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Matcha Coconut Ginger Smoothie

Serves 1


    Matcha Coconut Ginger Smoothie

    To snack or not to snack? Smoothies are often considered part of a morning routine, but they also make the perfect afternoon pick-me-up. This creamy, lush green smoothie is a delicious combination of earthy matcha balanced with tropical hints of coconut and banana, finished off with the warmth of ginger!


    Time-saver tip

    Peel, quarter, and freeze several bananas on parchment paper-lined cookie sheet for 24 hours. Transfer frozen bananas to sealed bag and immediately return to the freezer. Easy to grab and ready to use!


    Matcha Coconut Ginger Smoothie


      • 1 frozen banana
      • 1 1/2 in (4 cm) piece gingerroot, peeled
      • 1 cup (250 mL) baby spinach leaves
      • 1 Tbsp (15 mL) hemp hearts
      • 1/2 cup (125 mL) light coconut milk
      • 1 tsp (5 mL) matcha powder
      • 1/4 cup (60 mL) water


      Per serving:

      • calories278
      • protein10 g
      • total fat13 g
        • sat. fat7 g
      • total carbohydrates39 g
        • sugar16 g
        • fibre6 g
      • sodium60 mg



      To high-speed blender, add frozen banana, ginger, spinach, hemp hearts, coconut milk, matcha powder, and water. Add more water if a thinner consistency is desired.


      Blend ingredients on medium to high until creamy. Pour smoothie into a glass and enjoy!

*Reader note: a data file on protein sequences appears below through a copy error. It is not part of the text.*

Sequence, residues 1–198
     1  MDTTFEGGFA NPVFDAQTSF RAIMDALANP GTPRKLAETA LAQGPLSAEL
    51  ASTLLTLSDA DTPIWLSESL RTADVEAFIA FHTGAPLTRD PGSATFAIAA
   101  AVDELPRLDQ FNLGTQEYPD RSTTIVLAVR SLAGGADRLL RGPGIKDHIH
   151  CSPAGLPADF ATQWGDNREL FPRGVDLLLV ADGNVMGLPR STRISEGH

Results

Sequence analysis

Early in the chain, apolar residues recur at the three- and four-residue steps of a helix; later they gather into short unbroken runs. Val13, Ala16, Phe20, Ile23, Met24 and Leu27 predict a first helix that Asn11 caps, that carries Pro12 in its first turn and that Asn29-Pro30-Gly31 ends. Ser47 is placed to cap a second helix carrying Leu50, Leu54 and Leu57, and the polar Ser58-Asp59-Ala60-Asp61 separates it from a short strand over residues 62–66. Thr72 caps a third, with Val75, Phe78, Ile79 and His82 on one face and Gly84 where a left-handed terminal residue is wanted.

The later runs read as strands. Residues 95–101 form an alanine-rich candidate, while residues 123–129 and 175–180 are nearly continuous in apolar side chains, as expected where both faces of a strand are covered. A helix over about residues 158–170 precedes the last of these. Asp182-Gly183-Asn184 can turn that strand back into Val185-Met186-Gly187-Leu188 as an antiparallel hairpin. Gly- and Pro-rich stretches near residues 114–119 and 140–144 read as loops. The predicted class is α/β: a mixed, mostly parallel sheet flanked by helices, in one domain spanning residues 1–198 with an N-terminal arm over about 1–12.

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      B12-rich mussels are a very good and economical source of protein and iron. Steamed mussels are a classic way to enjoy seafood—and so is this rich, aromatic broth of tomato, fennel, and saffron. Be sure to allow saffron to fully infuse to get the full flavour benefit, and finish off the dish with the fragrant fennel fronds. Sustainability status Farmed mussels are considered highly sustainable due to their low impacts on the environment. They are easy to harvest, require no fertilizer or fresh water, and don’t need to be fed externally, as they get all their nutritional requirements from their marine environment. Mussel prep Selection: Look for mussels with shiny, tightly closed shells that smell of the sea. If shells are slightly open, give them a tap. Live mussels will close immediately. Storage: Keep mussels in the fridge in a shallow pan laid on top of ice. Keep them out of water and cover with a damp cloth. Ideally, consume on the day you buy them, but within two days. They need to breathe, so never keep them in a sealed plastic bag. Cleanup: In addition to being sustainable, farmed mussels tend to require less cleaning than wild mussels. Most of the fibrous “beards” that mussels use to grip solid surfaces will have been removed before sale. But if a few remain, they’re easily dispatched: grasp the beard with your thumb and forefinger and pull it toward the hinge of the mussel and give it a tug. Afterward, give mussels a quick rinse and scrub away any areas of mud or seaweed, which, with farmed mussels, will require minimal work.